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Rancho Ortega Blog discusses matters of public interest in South Orange County, including the communities of San Juan Capistrano, Ladera Ranch and Rancho Mission Viejo.

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Water, Water, Everywhere, Nor Any Drop to Drink…

Water, water, every where,
Nor any drop to drink.

In the Rime of the Ancient Mariner, the Mariner used this famous turn of phrase to describe the torment of his crew’s thirst surrounded by undrinkable sea water.  It might be equally apt when applied to modern day Southern California suffering through a drought of historic proportions while we gaze at the vast expanse of the sparkling blue Pacific Ocean beyond our infinity pools and shaded loggias.  Some literary critics say that the Rime is a cautionary tale that illustrates the tragic consequences that come from violating nature.  Other critics might say that modern day Southern California is too; an oasis in a coastal desert.  We find ourselves in the midst of a drought of historic severity.  Water everywhere, yet none to drink.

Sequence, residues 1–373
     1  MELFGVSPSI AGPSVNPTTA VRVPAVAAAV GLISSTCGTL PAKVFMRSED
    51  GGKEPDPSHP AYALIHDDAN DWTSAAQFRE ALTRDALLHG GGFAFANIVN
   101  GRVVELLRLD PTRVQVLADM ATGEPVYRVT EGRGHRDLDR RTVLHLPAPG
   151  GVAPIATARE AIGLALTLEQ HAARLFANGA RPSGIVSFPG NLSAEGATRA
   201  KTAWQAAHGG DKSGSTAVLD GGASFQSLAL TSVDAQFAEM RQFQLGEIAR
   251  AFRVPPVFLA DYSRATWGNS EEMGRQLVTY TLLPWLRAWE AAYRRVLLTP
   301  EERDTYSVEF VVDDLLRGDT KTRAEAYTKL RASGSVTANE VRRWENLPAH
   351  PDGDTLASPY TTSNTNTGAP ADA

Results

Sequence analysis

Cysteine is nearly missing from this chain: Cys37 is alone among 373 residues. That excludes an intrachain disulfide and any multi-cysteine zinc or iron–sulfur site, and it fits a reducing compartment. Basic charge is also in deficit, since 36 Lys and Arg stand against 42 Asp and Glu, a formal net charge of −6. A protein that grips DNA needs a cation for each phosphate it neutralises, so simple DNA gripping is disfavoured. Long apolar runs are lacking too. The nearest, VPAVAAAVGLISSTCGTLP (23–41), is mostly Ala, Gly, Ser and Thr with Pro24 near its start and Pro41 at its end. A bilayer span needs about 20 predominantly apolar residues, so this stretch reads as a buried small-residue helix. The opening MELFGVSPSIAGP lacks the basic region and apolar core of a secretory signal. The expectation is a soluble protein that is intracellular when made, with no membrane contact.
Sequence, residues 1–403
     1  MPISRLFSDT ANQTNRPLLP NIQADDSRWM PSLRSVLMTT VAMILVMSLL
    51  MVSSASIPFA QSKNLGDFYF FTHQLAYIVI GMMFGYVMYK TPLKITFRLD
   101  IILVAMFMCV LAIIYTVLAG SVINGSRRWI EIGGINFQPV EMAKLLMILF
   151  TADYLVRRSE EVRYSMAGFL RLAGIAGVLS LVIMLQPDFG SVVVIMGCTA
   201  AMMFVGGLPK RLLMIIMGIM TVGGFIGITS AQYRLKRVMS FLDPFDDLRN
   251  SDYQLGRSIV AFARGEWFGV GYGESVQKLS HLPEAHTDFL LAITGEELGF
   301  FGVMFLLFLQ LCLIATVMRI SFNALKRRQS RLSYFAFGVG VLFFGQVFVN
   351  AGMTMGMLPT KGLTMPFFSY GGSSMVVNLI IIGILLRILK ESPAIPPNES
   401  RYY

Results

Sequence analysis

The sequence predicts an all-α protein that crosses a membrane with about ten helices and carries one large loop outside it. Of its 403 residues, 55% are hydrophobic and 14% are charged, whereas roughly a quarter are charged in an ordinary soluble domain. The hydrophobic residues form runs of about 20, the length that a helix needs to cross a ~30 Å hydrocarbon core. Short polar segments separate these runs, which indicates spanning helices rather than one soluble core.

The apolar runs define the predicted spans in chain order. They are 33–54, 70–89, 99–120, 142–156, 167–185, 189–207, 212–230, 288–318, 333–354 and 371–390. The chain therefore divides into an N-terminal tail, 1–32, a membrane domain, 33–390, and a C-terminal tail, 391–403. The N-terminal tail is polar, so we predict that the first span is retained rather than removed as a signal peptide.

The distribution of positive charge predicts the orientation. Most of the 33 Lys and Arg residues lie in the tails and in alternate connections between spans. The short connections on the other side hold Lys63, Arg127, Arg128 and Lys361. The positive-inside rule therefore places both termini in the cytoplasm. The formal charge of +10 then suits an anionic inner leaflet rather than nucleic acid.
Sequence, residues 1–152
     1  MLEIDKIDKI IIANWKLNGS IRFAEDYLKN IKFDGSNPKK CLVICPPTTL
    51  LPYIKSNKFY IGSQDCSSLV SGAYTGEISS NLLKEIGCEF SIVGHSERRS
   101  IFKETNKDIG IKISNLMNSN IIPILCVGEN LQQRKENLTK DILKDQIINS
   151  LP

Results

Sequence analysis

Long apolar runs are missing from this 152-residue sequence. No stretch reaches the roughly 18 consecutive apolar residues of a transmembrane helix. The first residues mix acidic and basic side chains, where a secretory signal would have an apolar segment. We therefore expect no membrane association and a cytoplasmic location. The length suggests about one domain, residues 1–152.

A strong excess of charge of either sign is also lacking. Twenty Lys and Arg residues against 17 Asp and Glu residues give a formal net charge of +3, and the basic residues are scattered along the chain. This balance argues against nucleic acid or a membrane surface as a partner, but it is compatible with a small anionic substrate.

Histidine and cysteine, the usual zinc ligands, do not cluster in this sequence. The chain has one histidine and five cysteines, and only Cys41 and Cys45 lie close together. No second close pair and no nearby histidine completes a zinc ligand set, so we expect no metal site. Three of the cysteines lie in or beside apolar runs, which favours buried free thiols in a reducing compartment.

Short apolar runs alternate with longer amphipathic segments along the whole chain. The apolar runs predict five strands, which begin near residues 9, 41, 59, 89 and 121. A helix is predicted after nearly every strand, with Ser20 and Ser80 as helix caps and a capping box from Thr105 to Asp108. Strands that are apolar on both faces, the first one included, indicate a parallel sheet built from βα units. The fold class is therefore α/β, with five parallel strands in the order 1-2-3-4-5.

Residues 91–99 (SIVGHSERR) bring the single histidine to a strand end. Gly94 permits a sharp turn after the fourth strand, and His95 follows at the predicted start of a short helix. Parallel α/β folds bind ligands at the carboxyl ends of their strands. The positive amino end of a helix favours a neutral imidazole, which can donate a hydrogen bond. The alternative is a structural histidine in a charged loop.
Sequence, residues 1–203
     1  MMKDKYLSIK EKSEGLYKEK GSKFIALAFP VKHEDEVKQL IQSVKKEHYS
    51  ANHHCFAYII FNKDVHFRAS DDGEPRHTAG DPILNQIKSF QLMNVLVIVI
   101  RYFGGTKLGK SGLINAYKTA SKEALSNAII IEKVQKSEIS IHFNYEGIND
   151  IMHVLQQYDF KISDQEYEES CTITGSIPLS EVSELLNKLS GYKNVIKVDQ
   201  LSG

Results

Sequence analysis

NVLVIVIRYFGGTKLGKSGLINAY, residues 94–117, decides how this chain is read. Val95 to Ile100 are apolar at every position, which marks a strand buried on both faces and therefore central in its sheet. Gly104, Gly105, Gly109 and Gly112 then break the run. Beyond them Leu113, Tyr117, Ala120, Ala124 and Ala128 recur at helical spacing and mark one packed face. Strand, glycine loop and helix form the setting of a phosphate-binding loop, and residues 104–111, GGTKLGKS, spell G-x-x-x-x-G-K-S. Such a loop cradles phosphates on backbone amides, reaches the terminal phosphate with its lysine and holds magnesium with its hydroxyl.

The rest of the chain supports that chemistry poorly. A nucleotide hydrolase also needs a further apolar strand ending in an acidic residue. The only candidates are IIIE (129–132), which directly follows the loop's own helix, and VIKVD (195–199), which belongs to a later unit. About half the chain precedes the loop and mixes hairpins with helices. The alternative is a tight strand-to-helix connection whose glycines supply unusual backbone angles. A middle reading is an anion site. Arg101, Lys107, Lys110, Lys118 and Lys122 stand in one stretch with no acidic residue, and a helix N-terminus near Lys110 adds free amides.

We don’t usually discuss macro issues on this blog, but this issue has local implications at both a municipal and personal level.  That being said, before we begin, we want to be clear: we are not providing this information as an argument for or against tiered water rates, water rate litigation, water conservation or the Groundwater Recovery Plant.  We are offering this information as partial context for those debates.  We want people to understand the larger picture, both pro and con, when discussing local water issues in South Orange County.